Thanks so much Miguel. I did listen to the entire podcast and was completely enlightened as to what a school can and cannot do, which apparently isn't much. LOLAnd, of course, I encourage you to listen to Scott share his knowledge about this issue. 5-10 minutes into the presentation, I couldn't stop listening...folks, it was the most useful audiocast for K-12 administrators I've heard in a month, and I've listened to quite a few. As we move towards more transparency, I have a sense that there's big monster waiting out there in the dark where the light doesn't quite reach.
Bloggers are the jellyfish floating along, sharing everything and the way we look is incredible with the light on us, but the monster is out there...waiting. For educators, that monster is a puritanical public that believes in they are the moral authority, and educators aren't measuring up when they foster 2-way communication, shared responsibility and trust in "the world out there."
There can be no negotiation with that darkness that is the world. Everything must be standardized, made uniform, and discipline enforced...not unlike a District telling teachers how they can use technology, and that if technology doesn't meet certain standards, then it doesn't work just so--to match their needs, expectations, know-how--it should be discarded. Instead of subordinating the technology to teaching and learning, technology and its caretakers decide what is to be used. This is problematic, especially in certain situations. The District is completely justified in taking action, but what room is there for exceptions?
Chris Anderson writes about radical transparency....
The default communications mode of companies has traditionally been top-down, with only executives and official spokespeople permitted to discuss company business in public. The standard rule, explicit or not, was "That which we choose not to announce is not to be spoken about." Aside from some special exemptions, such as conferences where those employees trusted enough to go chatted guardedly with outsiders, employees were cautioned that what happened at work should stay at work. Loose lips sink ships, etc...The way it has been...if blogs and audiocasts continue to be about what is permitted, then who are we fooling? We need to part the curtain of secrecy, be transparent in our work as much as we realize we're NOT being transparent. In a connected world, holding onto secrets just means you're the last one to be recognized, the last to be heard, the last to realize that your ending point is just the beginning. If that's what Chris Anderson means by radical transparency, then it's a call for action...especially in education.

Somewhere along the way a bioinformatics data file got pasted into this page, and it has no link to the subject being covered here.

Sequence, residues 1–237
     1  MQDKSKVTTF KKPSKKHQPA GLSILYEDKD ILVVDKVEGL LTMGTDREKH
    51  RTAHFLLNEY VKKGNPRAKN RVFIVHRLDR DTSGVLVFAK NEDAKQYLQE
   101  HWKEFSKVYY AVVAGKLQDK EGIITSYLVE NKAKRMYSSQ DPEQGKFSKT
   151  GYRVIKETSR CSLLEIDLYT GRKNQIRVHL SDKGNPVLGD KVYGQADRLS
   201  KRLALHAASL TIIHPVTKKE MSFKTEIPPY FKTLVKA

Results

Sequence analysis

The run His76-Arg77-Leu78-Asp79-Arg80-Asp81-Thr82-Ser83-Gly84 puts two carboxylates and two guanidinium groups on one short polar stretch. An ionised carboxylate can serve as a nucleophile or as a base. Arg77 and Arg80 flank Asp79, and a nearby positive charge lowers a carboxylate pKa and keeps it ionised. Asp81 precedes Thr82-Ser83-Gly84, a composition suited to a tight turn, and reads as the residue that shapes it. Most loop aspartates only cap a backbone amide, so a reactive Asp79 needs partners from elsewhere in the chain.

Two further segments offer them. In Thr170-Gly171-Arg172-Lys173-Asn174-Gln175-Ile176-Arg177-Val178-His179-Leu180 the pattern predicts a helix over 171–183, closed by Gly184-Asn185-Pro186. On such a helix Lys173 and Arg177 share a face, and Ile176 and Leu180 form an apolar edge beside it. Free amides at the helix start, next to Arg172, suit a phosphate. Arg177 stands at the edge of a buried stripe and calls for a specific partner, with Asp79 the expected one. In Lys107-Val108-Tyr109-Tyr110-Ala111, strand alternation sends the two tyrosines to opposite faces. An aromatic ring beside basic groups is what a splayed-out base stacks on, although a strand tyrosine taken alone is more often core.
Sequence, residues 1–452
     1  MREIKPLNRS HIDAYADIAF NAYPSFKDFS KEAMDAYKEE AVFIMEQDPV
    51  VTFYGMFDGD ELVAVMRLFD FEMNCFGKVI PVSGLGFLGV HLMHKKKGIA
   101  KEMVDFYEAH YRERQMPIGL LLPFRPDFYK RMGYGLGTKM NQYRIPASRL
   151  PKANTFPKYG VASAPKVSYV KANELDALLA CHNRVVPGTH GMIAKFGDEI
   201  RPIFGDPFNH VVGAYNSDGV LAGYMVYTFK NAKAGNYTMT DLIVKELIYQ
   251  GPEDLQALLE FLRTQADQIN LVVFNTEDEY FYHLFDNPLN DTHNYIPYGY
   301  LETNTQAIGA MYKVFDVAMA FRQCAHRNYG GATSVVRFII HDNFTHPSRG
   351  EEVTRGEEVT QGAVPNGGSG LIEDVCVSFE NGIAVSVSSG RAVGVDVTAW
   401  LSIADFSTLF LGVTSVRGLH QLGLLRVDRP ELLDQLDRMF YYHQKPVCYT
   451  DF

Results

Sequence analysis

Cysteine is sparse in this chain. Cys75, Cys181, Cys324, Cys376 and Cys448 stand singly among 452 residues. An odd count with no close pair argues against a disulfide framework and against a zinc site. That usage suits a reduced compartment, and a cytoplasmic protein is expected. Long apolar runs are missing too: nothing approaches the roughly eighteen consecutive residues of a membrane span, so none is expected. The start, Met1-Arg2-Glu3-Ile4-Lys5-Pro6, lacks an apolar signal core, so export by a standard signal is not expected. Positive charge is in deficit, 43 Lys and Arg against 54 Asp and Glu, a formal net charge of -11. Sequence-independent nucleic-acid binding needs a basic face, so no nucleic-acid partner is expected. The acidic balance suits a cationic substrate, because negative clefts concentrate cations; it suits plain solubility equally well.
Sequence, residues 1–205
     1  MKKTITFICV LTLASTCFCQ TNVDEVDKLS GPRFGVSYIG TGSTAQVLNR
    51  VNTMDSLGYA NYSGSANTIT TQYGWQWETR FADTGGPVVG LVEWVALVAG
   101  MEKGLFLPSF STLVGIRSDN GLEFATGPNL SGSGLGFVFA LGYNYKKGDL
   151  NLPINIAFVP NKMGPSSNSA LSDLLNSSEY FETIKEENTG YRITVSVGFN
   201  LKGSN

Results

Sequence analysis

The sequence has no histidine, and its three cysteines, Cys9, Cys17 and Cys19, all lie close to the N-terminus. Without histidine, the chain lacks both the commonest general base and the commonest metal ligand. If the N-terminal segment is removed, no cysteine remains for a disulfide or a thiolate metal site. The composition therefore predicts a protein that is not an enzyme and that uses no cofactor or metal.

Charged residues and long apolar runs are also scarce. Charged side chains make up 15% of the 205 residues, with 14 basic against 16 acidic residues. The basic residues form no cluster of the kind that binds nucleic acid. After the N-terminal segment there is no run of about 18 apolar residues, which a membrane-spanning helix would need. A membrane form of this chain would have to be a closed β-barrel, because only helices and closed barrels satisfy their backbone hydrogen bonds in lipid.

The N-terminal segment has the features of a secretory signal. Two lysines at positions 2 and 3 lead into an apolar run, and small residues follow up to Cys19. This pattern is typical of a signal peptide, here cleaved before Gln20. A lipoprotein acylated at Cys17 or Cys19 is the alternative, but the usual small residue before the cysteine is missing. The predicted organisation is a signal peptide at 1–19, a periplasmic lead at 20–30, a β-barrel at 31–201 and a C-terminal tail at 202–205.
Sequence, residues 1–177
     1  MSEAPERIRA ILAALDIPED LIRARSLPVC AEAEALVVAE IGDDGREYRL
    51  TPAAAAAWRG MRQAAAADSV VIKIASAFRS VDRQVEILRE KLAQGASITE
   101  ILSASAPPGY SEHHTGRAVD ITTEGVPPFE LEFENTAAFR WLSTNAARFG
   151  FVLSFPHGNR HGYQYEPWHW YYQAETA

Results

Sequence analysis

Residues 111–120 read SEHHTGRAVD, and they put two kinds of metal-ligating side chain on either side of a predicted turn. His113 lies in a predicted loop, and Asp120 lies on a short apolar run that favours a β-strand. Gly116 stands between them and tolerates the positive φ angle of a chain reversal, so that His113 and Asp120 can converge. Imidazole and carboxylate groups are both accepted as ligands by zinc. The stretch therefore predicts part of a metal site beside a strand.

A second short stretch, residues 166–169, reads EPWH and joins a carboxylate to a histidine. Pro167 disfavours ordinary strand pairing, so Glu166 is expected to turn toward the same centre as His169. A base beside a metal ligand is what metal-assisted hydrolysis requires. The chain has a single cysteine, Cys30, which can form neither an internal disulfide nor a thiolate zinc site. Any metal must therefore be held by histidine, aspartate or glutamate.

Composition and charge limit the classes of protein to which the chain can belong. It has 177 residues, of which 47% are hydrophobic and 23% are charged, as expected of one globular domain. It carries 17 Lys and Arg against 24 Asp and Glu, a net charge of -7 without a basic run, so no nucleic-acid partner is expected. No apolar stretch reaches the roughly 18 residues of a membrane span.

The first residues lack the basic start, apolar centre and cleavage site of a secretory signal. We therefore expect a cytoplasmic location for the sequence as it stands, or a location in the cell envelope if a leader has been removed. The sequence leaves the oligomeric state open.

Do you see the following working in K-12 education?
Not just transparency, but Radical Transparency. The whole product development process laid bare, and opened to customer input. Management in public, via blog. CEOs venting, without benefit of legal counsel, in late-night postings.Allow me to reword this...
Not just transparency, but Radical Transparency. The whole teaching, learning and leadership process laid bare, and opened to critical input from teachers, students, parents, and administrators without censure or penalty. Educational administration in public, via blog. Teaching and learning in public, via blog. Superintendents talking straight, unafraid of where the chips may fall, in mid-day postings.Skeptical? Definitely. Hopeful? More than you know.
Beth points out that...
If they are not experiencing the technology and its impact on the classroom and learning there will not be any change. So I make a point of letting principals know when I have worked with a teacher, what new things the teachers are trying, what tools they are using and such.Radical Transparency means documenting it all, hanging it all out there, being a jellyfish blogger...hoping that if the monster is coming out of the dark, it will pause when it sees that beautiful, transparent host of jellyfish floating along.
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Everything posted on Miguel Guhlin's blogs/wikis are his personal opinion and do not necessarily represent the views of his employer(s) or its clients. Read Full Disclosure